[After 1951 information on students was kept in a card catalogue and in individual folders and this method was maintained into 1990s when digital recording became standard. These more recent records are outside the scope of this survey.]
Category B

There are 27 of these, dating from 1880 to 1910. They can be divided into 2 categories – a small collection of official National School Rolls showing attendance at  the “Diocesan Seminary” during the period 1867 – 1883 and a larger set of small mainly black soft covered roll books 21 x 14cms covering the years 1883 – 1910. Some of these deal with the whole school enrolment while others are only concerned with a particular grade (Junior, Middle, University Class, etc) or even one class. I have noted where they have attendance, D.O.B., address, subjects, timetables, etc but in most there is merely a record of class attendance. Some do contain evidence of teacher in charge, holidays, ‘free’ days, retreats, etc with occasional remarks in the ‘observation’ column on illnesses or transfers to other schools, businesses or religious orders. Sometimes the back inside cover has been used for an individual teacher’s random memos, addresses, accounts, notes and marking calculations.

 

Occasionally the A and B files contain interesting fragments which have been preserved accidentally. The register for 1882-83 includes a short minute of a meeting held in the College and chaired by Bishop Dorrian on 7th August, 1883 regarding a proposed training school. The roll for 1890-93 has the teaching timetable of ‘Mr MacCormac’ appended, a Junior Grade student’s timetable and an invitation to a meeting of the Young Ireland Society on 25th February, 1890.  

 

Some of the B files help to fill in gaps in the A files (nominal lists) while many will duplicate information but they are nevertheless of considerable value to the researcher.

 
Category C

A third category C (Cash Registers) consists of a chronological series of 12 Cash Registers recording the income and expenditure of the College during the period 1844 – 1922. These volumes contain information on school finances and on the salaries of ‘professors’ and ancillary staff. They are useful in that they provide information, not only on the College curriculum but on the teaching staff before 1904 (the starting point for Fr. Clenaghan’s record) and can be cross-checked with the entries in the Irish Catholic Directory (now removed to Diocesan Archives).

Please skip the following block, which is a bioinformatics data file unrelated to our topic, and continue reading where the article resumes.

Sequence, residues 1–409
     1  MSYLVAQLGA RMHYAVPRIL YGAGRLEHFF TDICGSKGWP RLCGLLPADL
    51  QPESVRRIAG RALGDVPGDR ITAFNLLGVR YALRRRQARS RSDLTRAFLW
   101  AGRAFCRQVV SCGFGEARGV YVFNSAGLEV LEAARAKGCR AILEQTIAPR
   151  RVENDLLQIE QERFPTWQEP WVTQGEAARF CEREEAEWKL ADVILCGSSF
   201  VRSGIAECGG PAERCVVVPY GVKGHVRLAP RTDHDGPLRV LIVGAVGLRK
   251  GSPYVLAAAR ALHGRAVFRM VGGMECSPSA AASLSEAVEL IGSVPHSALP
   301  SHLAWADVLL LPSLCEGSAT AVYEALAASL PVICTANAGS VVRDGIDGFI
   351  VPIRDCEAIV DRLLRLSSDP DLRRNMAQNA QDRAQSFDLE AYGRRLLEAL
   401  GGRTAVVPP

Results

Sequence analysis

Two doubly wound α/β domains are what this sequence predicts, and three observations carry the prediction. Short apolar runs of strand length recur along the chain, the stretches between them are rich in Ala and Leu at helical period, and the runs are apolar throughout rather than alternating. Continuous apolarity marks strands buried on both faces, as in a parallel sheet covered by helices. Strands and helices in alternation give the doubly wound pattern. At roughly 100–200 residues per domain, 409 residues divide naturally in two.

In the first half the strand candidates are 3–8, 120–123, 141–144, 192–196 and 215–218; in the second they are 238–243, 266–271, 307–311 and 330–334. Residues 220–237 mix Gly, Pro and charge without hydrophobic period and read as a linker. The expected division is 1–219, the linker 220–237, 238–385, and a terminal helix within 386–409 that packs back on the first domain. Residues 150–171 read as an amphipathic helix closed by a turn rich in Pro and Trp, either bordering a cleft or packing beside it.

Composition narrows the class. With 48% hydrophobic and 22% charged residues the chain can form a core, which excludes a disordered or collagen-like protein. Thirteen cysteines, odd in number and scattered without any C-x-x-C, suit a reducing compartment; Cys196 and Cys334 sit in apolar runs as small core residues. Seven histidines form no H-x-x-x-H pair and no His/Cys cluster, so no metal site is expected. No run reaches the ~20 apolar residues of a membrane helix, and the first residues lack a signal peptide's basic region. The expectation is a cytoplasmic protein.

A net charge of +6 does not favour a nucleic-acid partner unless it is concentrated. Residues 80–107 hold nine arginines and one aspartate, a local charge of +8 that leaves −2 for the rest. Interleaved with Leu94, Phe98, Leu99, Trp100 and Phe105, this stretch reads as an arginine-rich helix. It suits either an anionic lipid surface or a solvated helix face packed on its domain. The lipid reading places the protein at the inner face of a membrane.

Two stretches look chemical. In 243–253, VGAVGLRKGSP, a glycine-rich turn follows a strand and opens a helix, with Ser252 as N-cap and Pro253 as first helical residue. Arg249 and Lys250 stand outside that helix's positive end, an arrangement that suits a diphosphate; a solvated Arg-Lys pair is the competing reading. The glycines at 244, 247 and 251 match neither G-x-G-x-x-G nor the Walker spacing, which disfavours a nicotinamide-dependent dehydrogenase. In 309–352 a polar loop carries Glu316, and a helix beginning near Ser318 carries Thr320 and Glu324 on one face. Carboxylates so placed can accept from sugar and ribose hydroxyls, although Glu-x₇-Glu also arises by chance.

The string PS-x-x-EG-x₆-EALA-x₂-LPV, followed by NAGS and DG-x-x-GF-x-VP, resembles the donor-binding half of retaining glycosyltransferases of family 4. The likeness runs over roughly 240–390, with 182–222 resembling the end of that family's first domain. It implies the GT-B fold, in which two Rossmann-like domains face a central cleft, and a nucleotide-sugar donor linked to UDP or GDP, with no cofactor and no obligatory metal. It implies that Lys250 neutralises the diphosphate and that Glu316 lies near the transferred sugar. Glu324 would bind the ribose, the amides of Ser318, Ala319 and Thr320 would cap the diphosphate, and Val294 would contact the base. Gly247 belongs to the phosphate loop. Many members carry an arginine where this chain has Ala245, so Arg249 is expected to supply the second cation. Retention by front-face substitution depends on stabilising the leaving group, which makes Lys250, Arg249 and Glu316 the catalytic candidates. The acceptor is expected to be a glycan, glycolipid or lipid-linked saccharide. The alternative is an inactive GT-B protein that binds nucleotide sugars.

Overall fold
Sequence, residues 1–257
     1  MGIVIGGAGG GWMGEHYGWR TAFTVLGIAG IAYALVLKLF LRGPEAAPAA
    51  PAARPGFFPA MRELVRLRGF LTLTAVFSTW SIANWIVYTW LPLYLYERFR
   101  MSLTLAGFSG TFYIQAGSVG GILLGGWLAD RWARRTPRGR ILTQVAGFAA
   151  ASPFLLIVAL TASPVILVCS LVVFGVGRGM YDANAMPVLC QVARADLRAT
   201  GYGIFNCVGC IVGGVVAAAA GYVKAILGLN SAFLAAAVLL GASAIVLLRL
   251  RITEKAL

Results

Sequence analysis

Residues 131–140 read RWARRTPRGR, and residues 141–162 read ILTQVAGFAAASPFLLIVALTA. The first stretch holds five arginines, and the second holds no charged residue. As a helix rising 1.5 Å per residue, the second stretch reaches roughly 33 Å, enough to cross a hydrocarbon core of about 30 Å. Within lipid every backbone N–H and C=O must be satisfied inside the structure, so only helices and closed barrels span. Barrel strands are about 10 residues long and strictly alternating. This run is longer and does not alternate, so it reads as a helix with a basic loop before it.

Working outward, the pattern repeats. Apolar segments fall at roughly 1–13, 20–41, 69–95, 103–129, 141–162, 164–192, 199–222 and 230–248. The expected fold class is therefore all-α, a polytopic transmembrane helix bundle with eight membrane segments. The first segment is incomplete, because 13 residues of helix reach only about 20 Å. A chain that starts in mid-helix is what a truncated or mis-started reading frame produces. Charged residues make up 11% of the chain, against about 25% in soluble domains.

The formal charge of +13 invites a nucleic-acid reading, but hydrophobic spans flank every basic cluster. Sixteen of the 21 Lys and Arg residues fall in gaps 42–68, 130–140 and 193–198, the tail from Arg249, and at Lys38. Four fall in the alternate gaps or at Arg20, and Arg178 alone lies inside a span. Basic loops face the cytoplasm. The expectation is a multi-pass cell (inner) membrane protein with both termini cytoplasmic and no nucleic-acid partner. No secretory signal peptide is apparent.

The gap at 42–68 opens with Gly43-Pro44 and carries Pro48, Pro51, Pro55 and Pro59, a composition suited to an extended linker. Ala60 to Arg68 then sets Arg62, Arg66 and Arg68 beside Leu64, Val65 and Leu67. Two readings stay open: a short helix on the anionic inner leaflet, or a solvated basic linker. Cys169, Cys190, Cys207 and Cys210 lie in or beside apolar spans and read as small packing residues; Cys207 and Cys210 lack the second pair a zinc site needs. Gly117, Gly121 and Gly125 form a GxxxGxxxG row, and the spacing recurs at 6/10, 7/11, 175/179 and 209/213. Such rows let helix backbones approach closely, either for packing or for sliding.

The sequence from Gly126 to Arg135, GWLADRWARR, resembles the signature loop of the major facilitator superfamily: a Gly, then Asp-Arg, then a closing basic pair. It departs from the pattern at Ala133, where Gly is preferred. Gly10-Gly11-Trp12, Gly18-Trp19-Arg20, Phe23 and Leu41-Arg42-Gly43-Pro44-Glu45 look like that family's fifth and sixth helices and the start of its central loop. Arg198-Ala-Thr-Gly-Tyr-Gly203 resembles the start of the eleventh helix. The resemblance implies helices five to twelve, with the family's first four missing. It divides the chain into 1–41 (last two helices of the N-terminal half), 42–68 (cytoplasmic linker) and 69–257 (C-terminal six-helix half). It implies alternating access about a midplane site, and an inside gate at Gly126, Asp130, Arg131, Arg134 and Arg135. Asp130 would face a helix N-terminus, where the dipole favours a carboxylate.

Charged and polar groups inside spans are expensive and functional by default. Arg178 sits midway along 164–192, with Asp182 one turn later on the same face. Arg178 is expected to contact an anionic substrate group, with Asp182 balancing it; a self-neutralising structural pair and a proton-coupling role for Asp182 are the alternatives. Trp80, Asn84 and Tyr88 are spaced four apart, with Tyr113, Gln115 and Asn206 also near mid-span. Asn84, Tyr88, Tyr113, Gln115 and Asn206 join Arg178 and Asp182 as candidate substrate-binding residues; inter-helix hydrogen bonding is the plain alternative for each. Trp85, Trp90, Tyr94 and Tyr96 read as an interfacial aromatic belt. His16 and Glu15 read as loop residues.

The earliest item covers the period 1844 – 1853 and is of interest as it relates to the period of the Great Famine and of the Cholera outbreak in Belfast. From the point of view of the College the most significant volume in this category is that dealing with 1856 – 69 (C4) which includes a list of contributors to the new Diocesan Seminary on the ‘Vicinage’ site. This is prefaced by an historical introduction by Mgr James O’Laverty, then Dean of the College and later renowned ecclesiastical historian of Down and Connor. There are 2 photographs, dated 1866 of Vicinage House from front and rear views. Another part of this register records the students at the College during 1856 – 69.

 
Category D

A fourth category contains a short series of account books dealing with the purchase of text books by students. They relate to the period 1886-1915 and have lists of students with books and equipment purchased and prices. Probably not intended for permanent record they are of limited value to the researcher.

 

After 1922 there is a large gap in the College financial records until the post-war period when the 1947 Education Act brought a huge increase in the roll and teaching staff. New regulations then required detailed administrative and financial recording. I have arranged these large volumes into Files C 13 to C 16 and D 8 to D 12 but not subjected them to any detailed scrutiny as information on students and staff can be gleaned from other sources.

 
Category E

This section of the archives has been reserved for memoirs, diaries etc relating to the College. It includes: The Cosslett Diaries, The Diary of Edward Keys, The Diaries of Patrick Boyle, The War Chronicle of Patrick Rogers, the Memoir of Daniel Cummings CSSR and some notebooks

 
Category M